EPA Targets DDT Contaminated Fish
Thursday, March 30, 2000
U.S. officials say they will toughen measures to prevent consumption of fish tainted by a huge deposit of DDT on the ocean floor.
The pesticide has contaminated Santa Monica Bay's Palos Verdes Shelf for a half-century and earned a Superfund designation.
"This is the largest DDT contamination site in the country," the Environmental Protection Agency's Keith Takata said Wednesday. "The first step to protect the public health is to make sure people aren't eating white croaker contaminated with dangerous levels of DDT."
Additionally, the EPA in July will launch a three-month pilot project to cap 180 acres of ocean floor along the Los Angeles coast with sand and silt to prevent the spread of the pesticide.
The $5 million experiment will take place in waters about 200 feet deep, said Fred Schauffler, the EPA's project manager.
The contaminated area has an estimated 100 tons of DDT spread across 17 square miles of ocean floor. There are also about 10 tons of PCBs.
Chemical manufacturer Montrose Corp. allegedly dumped residue, including DDT, into the sewage system from 1947 until 1971. The area was declared a Superfund environmental cleanup site in 1996.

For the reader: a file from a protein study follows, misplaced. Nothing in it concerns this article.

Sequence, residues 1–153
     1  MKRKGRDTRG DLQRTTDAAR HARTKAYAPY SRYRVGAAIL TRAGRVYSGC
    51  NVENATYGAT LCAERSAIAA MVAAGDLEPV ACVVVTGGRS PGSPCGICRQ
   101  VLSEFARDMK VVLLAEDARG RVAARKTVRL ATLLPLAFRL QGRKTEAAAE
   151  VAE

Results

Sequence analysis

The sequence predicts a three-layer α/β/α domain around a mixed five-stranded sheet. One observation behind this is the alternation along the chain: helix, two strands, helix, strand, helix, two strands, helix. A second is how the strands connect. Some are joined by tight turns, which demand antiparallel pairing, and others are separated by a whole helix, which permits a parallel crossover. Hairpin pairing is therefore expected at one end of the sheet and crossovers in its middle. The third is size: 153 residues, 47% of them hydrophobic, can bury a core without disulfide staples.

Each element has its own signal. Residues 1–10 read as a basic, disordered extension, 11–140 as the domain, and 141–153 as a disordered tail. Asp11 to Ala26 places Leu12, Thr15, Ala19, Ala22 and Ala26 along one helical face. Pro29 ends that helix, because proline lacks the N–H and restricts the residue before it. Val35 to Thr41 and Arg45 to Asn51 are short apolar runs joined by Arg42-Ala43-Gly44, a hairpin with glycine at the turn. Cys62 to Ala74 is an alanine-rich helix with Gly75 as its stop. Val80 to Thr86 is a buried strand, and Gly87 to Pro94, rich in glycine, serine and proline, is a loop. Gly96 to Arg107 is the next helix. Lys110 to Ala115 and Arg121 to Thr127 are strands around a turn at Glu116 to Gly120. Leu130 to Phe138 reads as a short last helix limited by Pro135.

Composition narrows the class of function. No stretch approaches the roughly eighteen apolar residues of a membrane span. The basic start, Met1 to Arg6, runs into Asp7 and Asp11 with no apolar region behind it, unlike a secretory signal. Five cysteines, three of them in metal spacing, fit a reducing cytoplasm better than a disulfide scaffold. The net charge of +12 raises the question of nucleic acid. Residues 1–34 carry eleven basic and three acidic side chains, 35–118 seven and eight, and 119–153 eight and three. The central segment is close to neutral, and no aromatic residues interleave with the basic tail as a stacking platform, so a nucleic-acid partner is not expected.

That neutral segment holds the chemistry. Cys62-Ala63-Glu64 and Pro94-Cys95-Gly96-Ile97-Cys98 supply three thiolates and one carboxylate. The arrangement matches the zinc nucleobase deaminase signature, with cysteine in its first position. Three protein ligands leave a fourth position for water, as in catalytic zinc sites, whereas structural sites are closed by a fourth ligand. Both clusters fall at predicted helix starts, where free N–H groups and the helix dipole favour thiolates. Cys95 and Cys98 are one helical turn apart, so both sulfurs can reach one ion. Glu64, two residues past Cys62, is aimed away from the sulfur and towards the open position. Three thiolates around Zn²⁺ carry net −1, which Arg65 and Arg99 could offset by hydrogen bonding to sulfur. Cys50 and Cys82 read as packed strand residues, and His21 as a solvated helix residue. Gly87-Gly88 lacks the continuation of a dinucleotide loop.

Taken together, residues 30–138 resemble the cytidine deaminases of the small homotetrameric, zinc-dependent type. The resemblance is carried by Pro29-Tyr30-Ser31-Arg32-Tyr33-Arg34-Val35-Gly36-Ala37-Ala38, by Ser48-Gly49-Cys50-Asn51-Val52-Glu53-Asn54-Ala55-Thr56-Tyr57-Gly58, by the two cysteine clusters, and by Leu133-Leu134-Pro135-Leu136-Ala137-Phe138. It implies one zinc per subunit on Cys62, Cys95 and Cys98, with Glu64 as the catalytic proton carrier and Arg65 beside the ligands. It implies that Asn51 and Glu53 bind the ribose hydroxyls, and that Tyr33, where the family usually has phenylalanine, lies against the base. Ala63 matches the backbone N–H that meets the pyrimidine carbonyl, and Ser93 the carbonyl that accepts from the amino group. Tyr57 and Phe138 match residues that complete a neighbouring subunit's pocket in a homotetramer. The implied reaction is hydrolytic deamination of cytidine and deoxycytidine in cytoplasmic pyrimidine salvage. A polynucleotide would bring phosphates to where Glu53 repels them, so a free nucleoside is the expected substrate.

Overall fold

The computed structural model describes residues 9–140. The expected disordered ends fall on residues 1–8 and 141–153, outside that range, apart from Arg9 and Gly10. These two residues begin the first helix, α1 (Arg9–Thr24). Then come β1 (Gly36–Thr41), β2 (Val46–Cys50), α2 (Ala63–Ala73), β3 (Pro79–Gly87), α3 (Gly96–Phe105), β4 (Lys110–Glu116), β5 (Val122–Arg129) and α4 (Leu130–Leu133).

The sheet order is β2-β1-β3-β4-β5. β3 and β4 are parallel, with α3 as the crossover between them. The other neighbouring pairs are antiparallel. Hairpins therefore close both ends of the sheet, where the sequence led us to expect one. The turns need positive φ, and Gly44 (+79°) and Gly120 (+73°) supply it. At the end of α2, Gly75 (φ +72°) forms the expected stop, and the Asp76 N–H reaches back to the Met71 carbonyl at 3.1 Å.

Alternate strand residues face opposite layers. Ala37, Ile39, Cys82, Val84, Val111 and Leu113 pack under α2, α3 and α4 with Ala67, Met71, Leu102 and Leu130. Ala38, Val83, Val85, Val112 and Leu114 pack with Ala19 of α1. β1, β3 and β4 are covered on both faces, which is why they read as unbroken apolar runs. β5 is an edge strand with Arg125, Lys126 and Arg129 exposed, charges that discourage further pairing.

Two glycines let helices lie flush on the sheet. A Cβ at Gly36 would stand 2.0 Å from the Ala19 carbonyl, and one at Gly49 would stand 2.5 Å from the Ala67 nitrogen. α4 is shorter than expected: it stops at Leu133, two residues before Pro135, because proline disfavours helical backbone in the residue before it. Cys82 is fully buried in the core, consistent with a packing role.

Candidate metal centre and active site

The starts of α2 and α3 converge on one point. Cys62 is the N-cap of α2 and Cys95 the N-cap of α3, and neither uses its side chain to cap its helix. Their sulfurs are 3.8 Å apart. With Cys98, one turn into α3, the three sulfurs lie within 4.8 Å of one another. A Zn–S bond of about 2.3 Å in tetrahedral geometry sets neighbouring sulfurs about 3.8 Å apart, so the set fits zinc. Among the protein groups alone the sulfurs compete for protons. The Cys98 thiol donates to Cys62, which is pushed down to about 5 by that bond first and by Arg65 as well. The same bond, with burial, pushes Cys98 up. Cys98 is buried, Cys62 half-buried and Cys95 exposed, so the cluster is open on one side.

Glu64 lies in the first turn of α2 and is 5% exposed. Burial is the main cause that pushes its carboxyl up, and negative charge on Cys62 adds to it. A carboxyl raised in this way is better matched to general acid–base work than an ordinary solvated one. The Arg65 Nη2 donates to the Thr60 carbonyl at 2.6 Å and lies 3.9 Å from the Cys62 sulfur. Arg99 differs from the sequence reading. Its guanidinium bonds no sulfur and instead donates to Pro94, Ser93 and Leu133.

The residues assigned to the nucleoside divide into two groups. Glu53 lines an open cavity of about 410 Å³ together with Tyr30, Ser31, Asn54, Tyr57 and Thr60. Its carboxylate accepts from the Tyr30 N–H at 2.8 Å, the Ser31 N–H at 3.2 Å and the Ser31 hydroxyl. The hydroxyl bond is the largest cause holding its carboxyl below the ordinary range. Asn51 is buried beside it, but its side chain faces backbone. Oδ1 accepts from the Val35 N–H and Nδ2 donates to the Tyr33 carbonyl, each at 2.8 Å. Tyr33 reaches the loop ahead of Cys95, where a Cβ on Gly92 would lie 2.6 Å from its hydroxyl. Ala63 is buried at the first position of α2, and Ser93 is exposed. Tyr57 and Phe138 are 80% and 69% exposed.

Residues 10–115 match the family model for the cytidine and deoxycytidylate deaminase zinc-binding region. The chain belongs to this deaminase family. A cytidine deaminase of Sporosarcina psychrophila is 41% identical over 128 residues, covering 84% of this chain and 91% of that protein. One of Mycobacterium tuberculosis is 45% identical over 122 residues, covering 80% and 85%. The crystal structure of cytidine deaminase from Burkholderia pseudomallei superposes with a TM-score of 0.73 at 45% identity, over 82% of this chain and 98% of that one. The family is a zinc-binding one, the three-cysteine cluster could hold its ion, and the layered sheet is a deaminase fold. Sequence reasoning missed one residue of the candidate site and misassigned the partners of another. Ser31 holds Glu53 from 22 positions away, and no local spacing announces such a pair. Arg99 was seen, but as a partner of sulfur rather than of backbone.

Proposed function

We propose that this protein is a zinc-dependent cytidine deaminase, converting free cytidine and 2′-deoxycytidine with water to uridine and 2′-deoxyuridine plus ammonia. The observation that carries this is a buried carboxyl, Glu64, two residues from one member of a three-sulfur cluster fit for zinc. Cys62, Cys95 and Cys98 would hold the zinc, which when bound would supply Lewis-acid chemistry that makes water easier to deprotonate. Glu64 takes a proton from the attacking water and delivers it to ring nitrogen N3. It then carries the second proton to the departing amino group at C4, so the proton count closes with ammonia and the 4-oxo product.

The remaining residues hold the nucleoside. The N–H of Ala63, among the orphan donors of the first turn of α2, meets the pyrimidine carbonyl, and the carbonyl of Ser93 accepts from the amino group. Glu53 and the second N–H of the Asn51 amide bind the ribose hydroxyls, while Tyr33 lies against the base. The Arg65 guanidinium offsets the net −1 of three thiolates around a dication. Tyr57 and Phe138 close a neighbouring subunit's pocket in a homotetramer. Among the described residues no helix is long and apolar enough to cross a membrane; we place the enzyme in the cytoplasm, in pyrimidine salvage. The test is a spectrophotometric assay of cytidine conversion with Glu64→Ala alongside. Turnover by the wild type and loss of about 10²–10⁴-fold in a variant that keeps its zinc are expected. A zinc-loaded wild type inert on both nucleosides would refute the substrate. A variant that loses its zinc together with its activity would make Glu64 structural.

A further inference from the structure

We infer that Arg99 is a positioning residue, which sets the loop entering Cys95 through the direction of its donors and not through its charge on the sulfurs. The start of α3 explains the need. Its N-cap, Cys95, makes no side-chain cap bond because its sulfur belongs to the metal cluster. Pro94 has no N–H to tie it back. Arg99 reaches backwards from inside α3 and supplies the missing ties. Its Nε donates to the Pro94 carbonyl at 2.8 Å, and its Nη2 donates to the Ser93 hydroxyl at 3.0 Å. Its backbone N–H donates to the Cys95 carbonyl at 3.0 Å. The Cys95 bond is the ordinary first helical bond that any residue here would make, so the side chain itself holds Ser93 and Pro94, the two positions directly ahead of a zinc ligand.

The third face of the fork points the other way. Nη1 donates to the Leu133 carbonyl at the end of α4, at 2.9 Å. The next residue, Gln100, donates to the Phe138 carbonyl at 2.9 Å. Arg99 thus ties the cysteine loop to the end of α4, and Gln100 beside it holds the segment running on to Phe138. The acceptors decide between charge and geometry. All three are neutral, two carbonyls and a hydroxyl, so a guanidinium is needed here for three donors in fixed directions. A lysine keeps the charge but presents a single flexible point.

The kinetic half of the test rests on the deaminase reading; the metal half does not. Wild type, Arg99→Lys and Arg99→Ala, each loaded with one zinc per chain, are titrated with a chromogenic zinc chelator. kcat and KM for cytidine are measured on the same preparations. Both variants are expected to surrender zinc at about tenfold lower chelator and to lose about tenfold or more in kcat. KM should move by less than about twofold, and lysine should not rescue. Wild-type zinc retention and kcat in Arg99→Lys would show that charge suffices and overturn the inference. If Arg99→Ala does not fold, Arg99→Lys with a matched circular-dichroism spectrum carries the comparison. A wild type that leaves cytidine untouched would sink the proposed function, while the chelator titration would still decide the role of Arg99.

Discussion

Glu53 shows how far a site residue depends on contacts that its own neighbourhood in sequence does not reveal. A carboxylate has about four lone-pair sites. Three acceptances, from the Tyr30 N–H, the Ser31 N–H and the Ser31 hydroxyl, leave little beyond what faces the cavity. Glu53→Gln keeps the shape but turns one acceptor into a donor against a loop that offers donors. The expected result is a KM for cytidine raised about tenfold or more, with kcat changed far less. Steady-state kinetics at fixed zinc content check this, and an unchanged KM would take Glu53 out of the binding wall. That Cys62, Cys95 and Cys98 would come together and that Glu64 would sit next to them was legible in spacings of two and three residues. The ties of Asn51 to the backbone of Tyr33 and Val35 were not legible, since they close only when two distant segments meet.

DDT, which was banned in the U.S. in 1973, has been linked to cancer and reproductive problems in humans.
Because contamination levels of DDT are the highest in bottom-feeding fish, such as the white croaker, the EPA will call for more aggressive enforcement of the catch limit and the commercial fishing ban in the area, Schauffler said.
The agency also will launch an educational campaign and monitor contamination levels of white croaker sold in markets, Schauffler said.
Montrose and other companies responsible for the pollution have challenged the EPA's capping plan as being too risky.
"We ... disagree with the Montrose folks who claim there's no significant human health risk and the problem is going away on its own by virtue of biodegradation of DDT," Schauffler said. "Here we are 30 years after the last significant discharge and we still have a very major problem on our hands."